- Colour temperature
- Types of lights
- Use of gels
- Reflectors

Colour temperature is an interesting topic and one that is actually quite confusing. If you look at the picture above, you will see a gradient that changes from red to blue. This gradient chart demonstrates the wide range of kelvin temperatures, from 1,000k to 10,000k. When handling a DSLR camera it is possible to change the kelvin temperature, to achieve a certain look and feel in your scene. For instance, if you wanted to portray a warm feeling, you could set the kelvin number to 1,000k on your camera, whereas, choosing 10,000k would accomplish a cold feeling. Well that is what I thought. It turns out it doesn’t quite work like that. Daylight has a colour temperature of 6,500k, so if you were to set the kelvin temperature on your camera to 2,500k you would assume, basing on the chart above that the image would be very red and warm?

As the picture above shows, capturing a scene at 2,500k will actually produce a very cold feel. Whereby setting the kelvin high, like 10,000k, it will produce a warm scene. So yes, its basically opposite of the chart. However, since daylight has a colour temperature of 5,600k - 6,500k, if filmed/photographed at anywhere between 5,600k – 6,500k it will sustain the colour temperature, which direct sun generates.

It is important to remember this when photographing a scene because being able to control the temperature of the setting is very powerful. While the components inside the composition play a huge role, when it comes to conveying a particular message to the audience, the colour temperature has a similar effect on the audience. For that reason, we often see it utilized in films. An example may be when the filmmaker wants to create a very damp, cold and eerie mood, to enhance the thriller; they will adjust the kelvin to match this message.

Types of lights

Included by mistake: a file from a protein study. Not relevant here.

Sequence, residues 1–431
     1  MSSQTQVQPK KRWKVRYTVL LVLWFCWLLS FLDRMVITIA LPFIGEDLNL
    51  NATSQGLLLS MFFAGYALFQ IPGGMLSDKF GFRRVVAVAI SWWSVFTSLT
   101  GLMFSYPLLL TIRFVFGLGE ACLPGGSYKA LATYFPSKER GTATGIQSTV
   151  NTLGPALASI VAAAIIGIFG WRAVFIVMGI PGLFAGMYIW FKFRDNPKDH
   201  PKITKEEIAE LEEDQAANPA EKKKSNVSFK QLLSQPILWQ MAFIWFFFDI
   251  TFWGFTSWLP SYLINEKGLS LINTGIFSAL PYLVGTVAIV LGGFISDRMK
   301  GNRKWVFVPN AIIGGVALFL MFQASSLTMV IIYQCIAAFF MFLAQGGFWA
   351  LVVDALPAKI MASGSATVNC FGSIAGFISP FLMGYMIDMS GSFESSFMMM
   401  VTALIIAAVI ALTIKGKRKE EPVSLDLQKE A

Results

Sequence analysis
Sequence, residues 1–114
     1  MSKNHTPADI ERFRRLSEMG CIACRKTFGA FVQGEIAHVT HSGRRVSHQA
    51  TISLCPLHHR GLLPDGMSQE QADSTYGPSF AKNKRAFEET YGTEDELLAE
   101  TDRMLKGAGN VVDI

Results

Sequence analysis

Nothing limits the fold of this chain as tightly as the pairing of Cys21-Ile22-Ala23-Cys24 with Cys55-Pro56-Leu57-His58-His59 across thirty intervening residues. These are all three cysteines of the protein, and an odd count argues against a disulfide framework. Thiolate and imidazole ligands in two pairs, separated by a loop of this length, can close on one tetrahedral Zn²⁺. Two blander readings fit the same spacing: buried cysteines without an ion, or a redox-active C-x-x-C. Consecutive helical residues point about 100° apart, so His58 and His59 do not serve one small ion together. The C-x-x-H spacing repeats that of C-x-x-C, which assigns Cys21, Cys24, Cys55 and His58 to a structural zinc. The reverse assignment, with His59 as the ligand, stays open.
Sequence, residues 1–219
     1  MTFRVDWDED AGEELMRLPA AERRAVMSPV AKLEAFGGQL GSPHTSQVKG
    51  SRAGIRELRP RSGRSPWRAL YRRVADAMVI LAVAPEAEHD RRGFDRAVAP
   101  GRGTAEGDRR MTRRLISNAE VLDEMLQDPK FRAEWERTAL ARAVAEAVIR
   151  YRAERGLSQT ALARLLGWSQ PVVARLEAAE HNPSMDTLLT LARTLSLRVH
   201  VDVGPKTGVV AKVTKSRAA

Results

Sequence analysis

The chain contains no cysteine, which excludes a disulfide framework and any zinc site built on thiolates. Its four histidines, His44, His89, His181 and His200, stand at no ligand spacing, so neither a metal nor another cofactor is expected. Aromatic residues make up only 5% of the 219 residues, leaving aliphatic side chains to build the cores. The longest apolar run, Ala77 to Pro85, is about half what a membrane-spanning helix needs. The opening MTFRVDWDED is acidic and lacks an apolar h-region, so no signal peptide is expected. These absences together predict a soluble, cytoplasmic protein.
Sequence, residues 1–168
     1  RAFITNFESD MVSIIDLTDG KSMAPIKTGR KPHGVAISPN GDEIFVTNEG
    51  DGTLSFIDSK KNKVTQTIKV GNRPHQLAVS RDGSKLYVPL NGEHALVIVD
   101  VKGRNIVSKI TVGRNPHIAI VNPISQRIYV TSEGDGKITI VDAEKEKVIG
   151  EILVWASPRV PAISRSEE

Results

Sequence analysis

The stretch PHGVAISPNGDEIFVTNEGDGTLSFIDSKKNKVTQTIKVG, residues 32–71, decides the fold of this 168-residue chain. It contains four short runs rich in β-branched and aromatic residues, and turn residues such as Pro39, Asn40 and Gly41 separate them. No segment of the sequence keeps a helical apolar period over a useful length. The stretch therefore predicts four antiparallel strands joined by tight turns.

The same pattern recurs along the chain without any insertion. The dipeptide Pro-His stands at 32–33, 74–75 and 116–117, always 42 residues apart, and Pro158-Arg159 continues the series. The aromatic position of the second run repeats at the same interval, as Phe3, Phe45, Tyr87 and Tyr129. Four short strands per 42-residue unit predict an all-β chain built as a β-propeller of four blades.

When preparing a filming shoot it is mandatory to get the lighting conditions right for the scene. To do this filmmakers use lighting equipment, often the red headlights or HMI lights.

Redhead lights are 3,200k

HMI lights are 5,600k – 6,000k

It is important to take note that when filming with any of these lights, they come with their own colour temperature limitations. Therefore, prepare the shoot so the lights synchronise with the colour appearance you are trying to achieve.

Use of Gels

So why do we need to use gels? Well, like adjusting the colour temperature to achieve a cooler or warmer look, gels expand on this. Due to the vast amount of colours they come in; green, red, blue, yellow and so on, it makes them extremely versatile. As such, they are useful in adding drama to a scene or changing the mood to portray a different attitude.


Reflectors are another important lighting component. They can be used for a variety of reasons, but most prominently, they are used to control the direction and harshness of light. Often when shooting a scene, the light directed on the subject may be too powerful, or might insufficient. Thus, a reflector is used to soften the light on the subject, or if there is not enough light, reflect more light on to the subject.

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